Mr Harsh Mander talks about the challenges to Secular Democracy in India.
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Mr Mander, 53, is a social worker and writer. He has worked formerly in the Indian Administrative Service in the predominantly tribal states Madhya Pradesh and Chhatisgarh for almost two decades, mainly as the head of district governments of tribal districts.
He is associated with social causes and movements, such for communal harmony, tribal, dalit, and disability rights, the right to information, custodial justice, homeless people and bonded labour.
He writes and speaks regularly on issues of social justice. His books include ‘Unheard Voices: Stories of Forgotten Lives’ published by Penguin India. Other major books include ‘Cry, My Beloved Country: Reflections on the Gujarat Carnage 2002 and its Aftermath’ And ‘The Ripped Chest: Public Policy and Poor in India’.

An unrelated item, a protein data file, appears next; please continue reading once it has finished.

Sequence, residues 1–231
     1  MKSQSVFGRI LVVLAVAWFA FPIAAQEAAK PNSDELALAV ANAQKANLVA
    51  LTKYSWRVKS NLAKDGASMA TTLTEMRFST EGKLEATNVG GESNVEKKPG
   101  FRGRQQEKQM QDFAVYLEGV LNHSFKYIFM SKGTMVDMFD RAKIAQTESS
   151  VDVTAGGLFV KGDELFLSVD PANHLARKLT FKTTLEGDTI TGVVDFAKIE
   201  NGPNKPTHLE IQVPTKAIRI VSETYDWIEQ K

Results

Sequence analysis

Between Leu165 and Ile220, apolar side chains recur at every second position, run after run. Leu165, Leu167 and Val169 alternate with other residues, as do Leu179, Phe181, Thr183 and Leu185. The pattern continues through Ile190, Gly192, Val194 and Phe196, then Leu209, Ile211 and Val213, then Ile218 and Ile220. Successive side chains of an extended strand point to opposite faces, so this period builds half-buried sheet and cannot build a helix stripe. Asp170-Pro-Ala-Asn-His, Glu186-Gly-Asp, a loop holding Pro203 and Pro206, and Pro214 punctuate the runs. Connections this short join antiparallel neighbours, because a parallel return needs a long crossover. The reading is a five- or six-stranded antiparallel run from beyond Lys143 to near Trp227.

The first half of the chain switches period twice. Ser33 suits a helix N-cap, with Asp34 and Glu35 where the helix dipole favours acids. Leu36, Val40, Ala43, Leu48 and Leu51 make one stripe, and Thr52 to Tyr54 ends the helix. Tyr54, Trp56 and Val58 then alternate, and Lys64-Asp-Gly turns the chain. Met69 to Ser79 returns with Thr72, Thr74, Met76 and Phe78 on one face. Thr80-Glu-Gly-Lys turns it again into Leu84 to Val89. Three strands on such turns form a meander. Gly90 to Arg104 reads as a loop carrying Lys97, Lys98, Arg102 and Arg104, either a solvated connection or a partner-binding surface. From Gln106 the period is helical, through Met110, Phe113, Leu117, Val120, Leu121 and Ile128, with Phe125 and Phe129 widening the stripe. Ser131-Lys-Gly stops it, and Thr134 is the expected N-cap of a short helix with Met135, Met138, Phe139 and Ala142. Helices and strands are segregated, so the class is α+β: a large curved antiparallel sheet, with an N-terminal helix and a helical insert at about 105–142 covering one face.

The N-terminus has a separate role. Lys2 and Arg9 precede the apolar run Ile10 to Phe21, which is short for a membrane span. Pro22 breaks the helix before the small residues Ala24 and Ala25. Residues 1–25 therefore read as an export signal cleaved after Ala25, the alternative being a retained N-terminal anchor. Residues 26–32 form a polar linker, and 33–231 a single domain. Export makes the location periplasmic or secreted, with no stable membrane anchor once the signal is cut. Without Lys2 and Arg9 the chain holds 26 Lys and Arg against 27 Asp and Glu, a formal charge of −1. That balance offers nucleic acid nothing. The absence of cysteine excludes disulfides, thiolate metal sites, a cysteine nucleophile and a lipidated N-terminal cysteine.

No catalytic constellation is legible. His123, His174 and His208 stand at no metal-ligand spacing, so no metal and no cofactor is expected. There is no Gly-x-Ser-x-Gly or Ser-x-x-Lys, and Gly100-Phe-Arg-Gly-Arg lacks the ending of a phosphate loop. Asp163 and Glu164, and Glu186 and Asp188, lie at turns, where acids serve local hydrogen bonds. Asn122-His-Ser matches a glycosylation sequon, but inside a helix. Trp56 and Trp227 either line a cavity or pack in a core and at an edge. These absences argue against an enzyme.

He was awarded the Rajiv Gandhi National Sadbhavana Award for peace work, and the M.A. Thomas National Human Rights Award 2002.
He is at present convenor of Aman Biradari, a people’s campaign for secularism, peace and justice, working for Nyayagrah, for legal justice and reconciliation for the survivors of the Gujarat 2002 carnage, and Dil Se, for the rights of homeless children, youth and women. He is Special Commissioner appointed by the Supreme Court of India to advise it in the Right to Food case on hunger and state responsibility, Honorary Director of the Centre for Equity Studies (working on public policy for the poor), Visiting Professor at IIM, Ahmedabad on poverty and governance and writes a column for the Hindu.